Fibrin-based adhesives have been shown to have equal efficacy as cyanoacrylate glue with the added advantages of biocompatibility, the ability to be applied over larger surface areas, and an enhanced ability to secure amniotic membrane or conjunctival grafts. The potential disadvantages of human fibrin glue are the theoretical risk of viral transmission and the complexity of their preparation and application.21
Other glue materials such as Dermabond (2-octyl cyanoacrylate; Ethicon Inc., Somerville, NJ) have been shown to seal clear corneal incisions effectively such that their tensile strength is comparable to wounds closed by sutures.22
NOVEL TISSUE ADHESIVES
Many new adhesives are under investigation as alternate modalities to seal corneal wounds. In various studies, modified chondroitin sulfate aldehyde adhesive23 and acrylic copolymer tissue adhesive24 have proven successful.
Dendrimers are another promising class of tissue adhesives. Velazquez et al showed that, for both linear and stellate corneal wounds, biodendrimer adhesives provided a higher mean leakage pressure than closure with sutures.25
Dendritic macromers are also under investigation. Some macromers cross-link to form macroscopic gels, including hydrogels. Wathier et al evaluated several macromolecules. Their studies showed that hydrogel sealants produced from various macromolecules were effective in sealing corneal incisions (Figure 1). Their results also demonstrated that hydrogel sealants withstand higher pressures and stress placed on a wound than conventional self-sealed or sutured wounds. The hydrogel sealants offered the added advantages of easy preparation, reduced (four to six times) surgical time compared with conventional suturing, and minimized trauma to tissue26,27 (Figure 2).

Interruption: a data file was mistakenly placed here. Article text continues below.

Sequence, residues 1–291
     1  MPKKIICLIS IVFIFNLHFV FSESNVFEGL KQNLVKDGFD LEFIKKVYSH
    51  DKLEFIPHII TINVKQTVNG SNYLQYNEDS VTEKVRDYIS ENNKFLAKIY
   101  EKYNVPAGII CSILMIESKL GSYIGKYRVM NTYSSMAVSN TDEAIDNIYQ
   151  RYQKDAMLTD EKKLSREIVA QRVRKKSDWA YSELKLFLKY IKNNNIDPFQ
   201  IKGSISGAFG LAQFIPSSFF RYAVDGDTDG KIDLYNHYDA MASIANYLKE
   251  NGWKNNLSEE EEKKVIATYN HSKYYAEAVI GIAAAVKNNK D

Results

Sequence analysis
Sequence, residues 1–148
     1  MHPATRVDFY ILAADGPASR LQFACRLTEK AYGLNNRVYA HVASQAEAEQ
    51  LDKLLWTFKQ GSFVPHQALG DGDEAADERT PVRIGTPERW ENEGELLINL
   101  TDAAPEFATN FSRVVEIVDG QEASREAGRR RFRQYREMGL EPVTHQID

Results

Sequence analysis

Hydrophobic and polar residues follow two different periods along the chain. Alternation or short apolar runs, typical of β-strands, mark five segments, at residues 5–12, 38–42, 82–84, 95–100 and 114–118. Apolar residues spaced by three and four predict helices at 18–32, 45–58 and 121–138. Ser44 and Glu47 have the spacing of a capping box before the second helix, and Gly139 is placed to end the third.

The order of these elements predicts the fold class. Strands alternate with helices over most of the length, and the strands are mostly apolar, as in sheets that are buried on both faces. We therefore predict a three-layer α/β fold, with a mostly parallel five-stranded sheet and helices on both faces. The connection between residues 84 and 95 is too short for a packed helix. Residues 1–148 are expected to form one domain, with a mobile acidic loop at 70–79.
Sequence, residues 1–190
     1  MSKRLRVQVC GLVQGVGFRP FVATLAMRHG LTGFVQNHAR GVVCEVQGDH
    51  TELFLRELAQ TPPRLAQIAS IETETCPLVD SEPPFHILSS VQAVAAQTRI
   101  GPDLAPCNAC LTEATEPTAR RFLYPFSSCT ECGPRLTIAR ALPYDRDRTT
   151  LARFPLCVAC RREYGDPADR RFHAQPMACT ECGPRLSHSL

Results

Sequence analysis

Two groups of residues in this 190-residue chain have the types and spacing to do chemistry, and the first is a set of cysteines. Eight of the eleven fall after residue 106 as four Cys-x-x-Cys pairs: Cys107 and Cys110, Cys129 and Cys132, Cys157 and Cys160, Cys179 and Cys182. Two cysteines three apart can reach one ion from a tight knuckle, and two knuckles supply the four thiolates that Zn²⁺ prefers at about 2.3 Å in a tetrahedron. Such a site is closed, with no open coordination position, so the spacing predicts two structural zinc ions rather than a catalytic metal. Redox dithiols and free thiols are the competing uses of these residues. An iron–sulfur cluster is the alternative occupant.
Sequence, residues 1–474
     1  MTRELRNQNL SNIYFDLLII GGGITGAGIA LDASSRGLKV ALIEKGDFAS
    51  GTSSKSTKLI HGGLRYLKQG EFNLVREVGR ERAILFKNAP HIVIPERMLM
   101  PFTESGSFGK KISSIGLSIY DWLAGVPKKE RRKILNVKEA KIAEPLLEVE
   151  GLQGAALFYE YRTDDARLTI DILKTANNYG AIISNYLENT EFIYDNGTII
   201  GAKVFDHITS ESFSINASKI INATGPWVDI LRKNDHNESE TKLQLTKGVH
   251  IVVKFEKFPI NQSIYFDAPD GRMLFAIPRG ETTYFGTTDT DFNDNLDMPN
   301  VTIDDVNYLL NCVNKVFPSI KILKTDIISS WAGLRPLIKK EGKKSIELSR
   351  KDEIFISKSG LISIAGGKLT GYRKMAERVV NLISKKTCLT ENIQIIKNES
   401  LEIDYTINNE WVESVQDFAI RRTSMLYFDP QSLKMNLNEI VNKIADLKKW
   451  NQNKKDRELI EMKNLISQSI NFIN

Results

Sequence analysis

Although no conclusive evidence exists to demonstrate a definitive relationship between clear corneal incisions and an increased risk of endophthalmitis, many ophthalmologists are investigating methods of sealing cataract incisions prophylactically. Traditionally, nylon sutures have been the most widely employed method of closing the wound. Tissue adhesives, however, have been quickly gaining in popularity as substitutes for sutures. Cyanoacrylate glue has been used most frequently, but other tissue adhesives, including human fibrin glue, are also employed. The disadvantages of cyanoacrylate and fibrin glues include a complex preparation process, foreign-body sensation, conjunctival hyperemia, and a possibly increased inflammatory reaction. Fibrin glue has the added theoretical risk of viral transmission. Other investigational bioadhesives may provide a safer, more biocompatible, and more effective alternative for closing corneal incisions after cataract surgery.
Bhairavi V. Kharod, MD, is a cornea and refractive surgery fellow at the Duke University Eye Center in Durham, North Carolina. She acknowledged no financial interest in the products or companies mentioned herein. Dr. Kharod may be reached at email@example.com.
Terry Kim, MD, is Associate Professor of Ophthalmology, Cornea and Refractive Surgery, Duke University Eye Center, Durham, North Carolina. He serves as a consultant for Hyperbranch Medical Technology, Inc. Dr. Kim may be reached at (919) 681-3568; firstname.lastname@example.org.